In spite of the successes of the Nice model and the Grand Tack scenario (Grand Tack provides the initial conditions for Nice, so they should be considered together as one model), they suffer from some weaknesses. A number of parameters are ad hoc, and various free parameters are adjusted to try to match the specific properties of the Solar System rather than starting from the first principles. Examples include the mass of the initial embryos, the ratio of embryo to planetesimal mass, the accretion of the giant planets and details of the migration of the outer planets. Nevertheless, progress seems to be steady in this area.

Despite the dances of the Jovian planets, the orbits of the terrestrial planets in the Solar System have remained relatively circular. Perhaps it is this feature that most separates the Solar System from the typical exoplanet system. Long-term stability and low eccentricity of the Earth’s orbit are important requirements for long-term habitability, made possible by the low eccentricities of the orbits of the Jovian planets [113]. The relative masses and positions of Jupiter and Saturn and the presence of other terrestrial planets are also relevant to the eccentricity of Earth’s orbit. Had Saturn been more than about twice its actual mass, or if Saturn were closer to a major mean motion resonance or if Venus were absent, Earth’s eccentricity would have been significantly larger [131,132]. Higher mass values for Saturn would cause large increases in the eccentricity of the orbit of Mars, possibly causing it to cross Earth’s orbit.

The stability of Earth’s obliquity is important for the maintenance of a stable climate. Laskar et al. [133] showed that the torque from the Moon on the Earth’s equatorial bulge causes the precession frequency of its rotation axis (currently 50 arc sec/year) to be much larger than the highest secular frequency of the tilt of Earth’s orbit plane (26 arc sec/year), which results from perturbations from the outer planets. Had these two frequencies been closer to being in resonance, the obliquity of Earth’s rotation axis would undergo large and chaotic fluctuations; this would have been the case if Earth lacked a large Moon (but had the same rotation period) or if it rotated more slowly. Not only the amplitude, but also the rate of the obliquity variations are important for the habitability of the Earth.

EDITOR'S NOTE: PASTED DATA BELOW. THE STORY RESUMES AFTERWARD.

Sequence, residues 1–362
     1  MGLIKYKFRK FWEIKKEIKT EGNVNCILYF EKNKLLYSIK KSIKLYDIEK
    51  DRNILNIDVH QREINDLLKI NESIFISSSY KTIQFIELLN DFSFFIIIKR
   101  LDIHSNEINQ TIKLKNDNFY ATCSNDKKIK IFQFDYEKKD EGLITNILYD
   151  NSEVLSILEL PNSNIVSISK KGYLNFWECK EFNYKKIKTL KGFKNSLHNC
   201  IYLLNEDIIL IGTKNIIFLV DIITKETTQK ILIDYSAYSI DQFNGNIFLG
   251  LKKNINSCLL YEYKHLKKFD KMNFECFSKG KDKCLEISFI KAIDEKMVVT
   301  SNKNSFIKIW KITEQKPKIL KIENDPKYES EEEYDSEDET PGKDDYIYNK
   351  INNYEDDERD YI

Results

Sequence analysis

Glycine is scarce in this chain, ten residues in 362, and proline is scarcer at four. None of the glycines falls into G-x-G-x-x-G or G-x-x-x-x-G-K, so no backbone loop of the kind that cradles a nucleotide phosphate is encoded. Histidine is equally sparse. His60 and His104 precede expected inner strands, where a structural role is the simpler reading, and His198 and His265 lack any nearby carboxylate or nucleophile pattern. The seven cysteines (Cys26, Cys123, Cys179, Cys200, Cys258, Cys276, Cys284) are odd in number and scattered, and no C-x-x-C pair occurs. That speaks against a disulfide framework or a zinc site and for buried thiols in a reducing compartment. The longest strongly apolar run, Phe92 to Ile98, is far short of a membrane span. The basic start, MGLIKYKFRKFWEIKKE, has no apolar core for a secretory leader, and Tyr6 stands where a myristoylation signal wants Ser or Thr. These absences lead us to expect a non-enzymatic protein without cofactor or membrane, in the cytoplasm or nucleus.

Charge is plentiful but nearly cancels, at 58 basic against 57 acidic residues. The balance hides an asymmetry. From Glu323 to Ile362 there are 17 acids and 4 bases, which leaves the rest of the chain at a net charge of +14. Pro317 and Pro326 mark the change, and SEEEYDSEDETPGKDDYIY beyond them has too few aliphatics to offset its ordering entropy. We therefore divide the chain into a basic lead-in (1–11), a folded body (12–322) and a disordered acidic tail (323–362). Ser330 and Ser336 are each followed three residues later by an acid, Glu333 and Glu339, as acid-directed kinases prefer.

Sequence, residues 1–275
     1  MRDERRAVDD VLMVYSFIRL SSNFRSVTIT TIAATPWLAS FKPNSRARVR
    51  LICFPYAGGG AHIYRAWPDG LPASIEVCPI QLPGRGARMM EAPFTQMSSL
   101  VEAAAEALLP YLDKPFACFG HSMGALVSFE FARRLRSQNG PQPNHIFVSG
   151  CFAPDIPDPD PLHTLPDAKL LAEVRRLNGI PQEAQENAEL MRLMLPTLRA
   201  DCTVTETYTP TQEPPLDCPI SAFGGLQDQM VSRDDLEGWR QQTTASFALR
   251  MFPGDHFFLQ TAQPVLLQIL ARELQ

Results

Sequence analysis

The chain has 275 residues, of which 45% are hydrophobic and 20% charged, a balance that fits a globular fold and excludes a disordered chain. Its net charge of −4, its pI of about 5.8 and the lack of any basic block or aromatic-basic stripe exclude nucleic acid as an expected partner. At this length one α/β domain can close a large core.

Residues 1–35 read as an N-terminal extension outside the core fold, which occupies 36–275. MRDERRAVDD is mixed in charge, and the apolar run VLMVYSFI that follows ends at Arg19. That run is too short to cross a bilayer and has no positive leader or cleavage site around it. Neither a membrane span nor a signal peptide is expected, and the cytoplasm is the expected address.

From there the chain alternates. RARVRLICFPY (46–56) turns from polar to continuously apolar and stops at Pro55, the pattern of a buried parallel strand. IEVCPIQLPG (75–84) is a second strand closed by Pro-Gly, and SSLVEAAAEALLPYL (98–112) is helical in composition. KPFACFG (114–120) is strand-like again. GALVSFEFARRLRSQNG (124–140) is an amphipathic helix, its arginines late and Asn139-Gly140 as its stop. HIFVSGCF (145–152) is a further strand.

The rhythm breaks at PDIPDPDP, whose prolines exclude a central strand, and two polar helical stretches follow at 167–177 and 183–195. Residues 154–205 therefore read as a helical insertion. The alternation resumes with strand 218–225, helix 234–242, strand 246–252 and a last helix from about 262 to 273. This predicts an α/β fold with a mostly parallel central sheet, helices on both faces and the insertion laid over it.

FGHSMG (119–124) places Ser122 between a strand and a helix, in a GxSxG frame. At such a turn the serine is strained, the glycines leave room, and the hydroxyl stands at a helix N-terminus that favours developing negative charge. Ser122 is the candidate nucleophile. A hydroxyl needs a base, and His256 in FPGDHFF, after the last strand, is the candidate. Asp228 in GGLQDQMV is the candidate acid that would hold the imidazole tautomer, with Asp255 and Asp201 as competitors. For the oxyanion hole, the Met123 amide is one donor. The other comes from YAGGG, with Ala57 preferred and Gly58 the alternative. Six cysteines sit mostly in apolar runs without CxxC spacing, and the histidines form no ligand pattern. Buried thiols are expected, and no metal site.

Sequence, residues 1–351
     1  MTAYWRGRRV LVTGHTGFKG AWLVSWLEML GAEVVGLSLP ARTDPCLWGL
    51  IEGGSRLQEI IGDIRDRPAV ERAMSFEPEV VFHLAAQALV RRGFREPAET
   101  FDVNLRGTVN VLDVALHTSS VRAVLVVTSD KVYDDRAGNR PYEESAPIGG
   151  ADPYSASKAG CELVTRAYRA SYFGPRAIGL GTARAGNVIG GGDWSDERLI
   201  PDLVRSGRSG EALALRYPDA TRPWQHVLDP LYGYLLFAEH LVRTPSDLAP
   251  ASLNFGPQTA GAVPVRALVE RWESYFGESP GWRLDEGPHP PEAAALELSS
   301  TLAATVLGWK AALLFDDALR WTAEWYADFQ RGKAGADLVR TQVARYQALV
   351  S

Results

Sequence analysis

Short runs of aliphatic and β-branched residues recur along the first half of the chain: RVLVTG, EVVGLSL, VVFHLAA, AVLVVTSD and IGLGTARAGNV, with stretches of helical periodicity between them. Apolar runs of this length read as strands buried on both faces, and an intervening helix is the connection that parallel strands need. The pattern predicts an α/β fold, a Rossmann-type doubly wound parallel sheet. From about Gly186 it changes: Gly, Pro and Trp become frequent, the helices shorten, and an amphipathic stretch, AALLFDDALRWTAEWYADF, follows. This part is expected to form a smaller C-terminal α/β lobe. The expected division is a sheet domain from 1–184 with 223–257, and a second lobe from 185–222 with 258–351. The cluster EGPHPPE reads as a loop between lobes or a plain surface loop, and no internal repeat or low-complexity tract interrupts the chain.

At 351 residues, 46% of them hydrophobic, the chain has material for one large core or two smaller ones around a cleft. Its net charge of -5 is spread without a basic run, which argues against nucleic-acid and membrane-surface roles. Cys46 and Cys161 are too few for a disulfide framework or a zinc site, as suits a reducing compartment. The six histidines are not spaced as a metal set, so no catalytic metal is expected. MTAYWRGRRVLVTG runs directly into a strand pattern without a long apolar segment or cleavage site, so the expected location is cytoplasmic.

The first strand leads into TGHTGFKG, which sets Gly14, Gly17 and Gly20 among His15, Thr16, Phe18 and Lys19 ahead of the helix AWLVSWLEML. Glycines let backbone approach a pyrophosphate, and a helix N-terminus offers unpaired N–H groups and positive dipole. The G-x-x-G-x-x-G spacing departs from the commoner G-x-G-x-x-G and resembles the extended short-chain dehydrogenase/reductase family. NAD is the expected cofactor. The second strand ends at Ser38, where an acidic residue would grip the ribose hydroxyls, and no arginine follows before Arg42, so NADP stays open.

How likely is it for a system like the Earth and Moon to form in the protoplanetary disk? The currently favored theory for the formation of the Moon requires a massive embryo to impact the proto-Earth embryo [134,135]; these new works show that the impact involved two bodies closer in mass to each other than had been assumed in prior work. Based on simulations with a large number of combinations of the mass of the obliquity of the planet and the mass of the satellite, Brasser et al. [136] find that about 2% of Earth-size terrestrial planets should form a system like our Earth-Moon system (this work also presents an informative summary of the ways the Moon likely makes Earth more habitable). Waltham [137] has noticed how close the Earth-Moon system came to being in the chaotic zone; a small decrease in the Earth-Moon angular momentum or a small increase in the Moon’s mass would have caused the obliquity to be chaotic. In other words, the Moon is near its maximum mass while still avoiding chaotic obliquity variations. Waltham originally interpreted this as an anthropic selection effect on a stable obliquity and long day length. Later, Waltham [138,139] added anthropic selection for slow obliquity change as a better explanation as to why the Earth-Moon system has such a low precession frequency compared to higher, more probable values. Furthermore, the slowest obliquity variations are likely in planetary systems wherein the two most massive Jovian planets are spaced relatively farther apart, implying that the separation of Jupiter and Saturn were anthropically selected and, thus, may not be typical of Jovian planet separations around other Sun-like stars.